Resolution is the process by which outcomes are determined in situations of uncertainty or conflict. A given role-playing game can have multiple different resolution mechanics, but most modern games have a single core resolution mechanic that applies in many different situations. In Dungeons & Dragons 5th edition, for example, the core resolution mechanic is to roll a d20, add a modifier based on the player character's ability score, and compare to a target number.
Types of resolution processesEdit
Resolution processes in RPGs can be broadly categorised as one of the following three types:
- Random resolution, in which outcomes are determined by game mechanics with a random element (e.g. rolling dice or drawing playing cards). This is also called stochastic resolution or, in the terminology of GNS Theory and the Big Model, Fortune.
- Deterministic resolution, in which outcomes are determined by game mechanics without a random element (e.g. comparing statistics or spending player resources). In the terminology of GNS Theory and the Big Model, this is known as Karma.
- Judgemental resolution, in which outcomes are determined solely through the choices of the players (most commonly the GM, by GM fiat). This is also called fiat or, in the terminology of GNS Theory and the Big Model, Drama.
The distinction between these three types was initially proposed by Ron Edwards in his essay System Does Matter. Edwards used the names Fortune, Karma, and Drama after the Laws of Fortune, Karma, and Drama from the game Everway by Jonathan Tweet. However, while Tweet approved the use of the terms for the theory, the terms did not precisely correspond to their use in Everway (the Tweet's Law of Karma, for instance, covered GM judgements based on logical consequences, which Edwards' theory would class as Drama). Use of these terms has been criticised for being jargony (confusing) and misleading.
Parts of resolutionEdit
- Intent: a character wants to do something
- Initiation: a character attempts to do something
- Execution: a character succeeds or fails at their attempt
- Effect: a character affects the game world through their success or failure
However, while every resolution includes all four parts, resolution mechanics often do not. A game may have mechanics that cover only one stage (leaving the rest to be determined through narration), multiple stages at once (leaving it to the players' discretion at what stage the resolution is blocked in the event of failure), or multiple stages each with its own mechanics.
Considering a basic attack in D&D 5th edition, for example, a character wants to attack an enemy (Intent) and can automatically make an attempt to do so in their turn unless subject to certain conditions (Initiation). Whether they hit or not is determined by an attack roll, the core resolution mechanic of the system (Execution). If they hit, they then need to determine how much damage is inflicted on the enemy through a secondary game mechanic, rolling a different set of dice and adding a different modifier. The damage inflicted can have other impacts, such as the death of the enemy if damage is higher than the creature's remaining hit points (Effect).
Also, while every resolution process has these four parts, if a character fails at any given stage then the resolution process may stop before all four parts take place. For example, if a character wants to say something to a rival (Intent) but is unable to attempt to do so (Initiation), then no further resolution is needed to resolve Execution or Effect because nothing has happened.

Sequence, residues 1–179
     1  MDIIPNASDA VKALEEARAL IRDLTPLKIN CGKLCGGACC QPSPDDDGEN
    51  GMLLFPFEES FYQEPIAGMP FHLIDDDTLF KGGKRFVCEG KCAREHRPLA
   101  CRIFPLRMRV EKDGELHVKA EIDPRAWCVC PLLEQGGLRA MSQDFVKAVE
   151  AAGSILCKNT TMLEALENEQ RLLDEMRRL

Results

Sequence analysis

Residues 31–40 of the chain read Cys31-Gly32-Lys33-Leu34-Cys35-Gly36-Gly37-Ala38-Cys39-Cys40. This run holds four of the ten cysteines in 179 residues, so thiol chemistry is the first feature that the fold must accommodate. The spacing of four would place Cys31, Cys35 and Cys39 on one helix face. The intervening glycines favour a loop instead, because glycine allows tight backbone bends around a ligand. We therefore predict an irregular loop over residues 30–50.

Types of resolution uncertaintyEdit
In different games, resolution will be used to resolve different types of uncertainty or conflict. Two examples are known as task resolution (in which resolution applies when a character performs an action that could succeed or fail) and conflict resolution (in which resolution applies when a character has a desire that could be satisfied or thwarted). This differ in various ways, but many games use resolution mechanics that could be used for either, with the main differences being a matter of framing, narration, and scope. If conflict resolution applies in a complicated situation, a single resolution may cover what would be many different task resolutions. (Consider a game that uses a single roll to determine who wins a fight, compared to the more detailed combat mechanics in a game like D&D.) On the other hand, a character may succeed at an action (task resolution), but fail to achieve what they actually wanted out of the situation, which wouldn't happen under conflict resolution.
Both task resolution and conflict resolution are framed from the characters' perspectives, but other forms of resolution exist when there are conflicts between players. Some games will only require resolution if players (including the GM) have different opinions about what happens in the game world. Again, the actual mechanics used in such a resolution can be very similar to the mechanics used under standard task resolution or conflict resolution.
- ↑ Ron Edwards. "System Does Matter". The Forge. Retrieved 2020-02-28.
- ↑ Elliot Wilen (2010-08-23). "Against Drama, Fortune, and Karma". Ewilen at Livejournal. Retrieved 2020-02-28.
- ↑ Vincent Baker (2006-05-18). "A quick IIEE primer, by request". anyway. Retrieved 2020-02-28.
- ↑ Vincent Baker (lumpley) (2003-09-23). "I finally got IIEE!" (topic post). The Forge. Retrieved 2020-02-28.
- ↑ Vincent Baker (2004-02-05). "Conflict Resolution vs. Task Resolution" (in Roleplaying Theory). lumpley games. Retrieved 2020-02-28.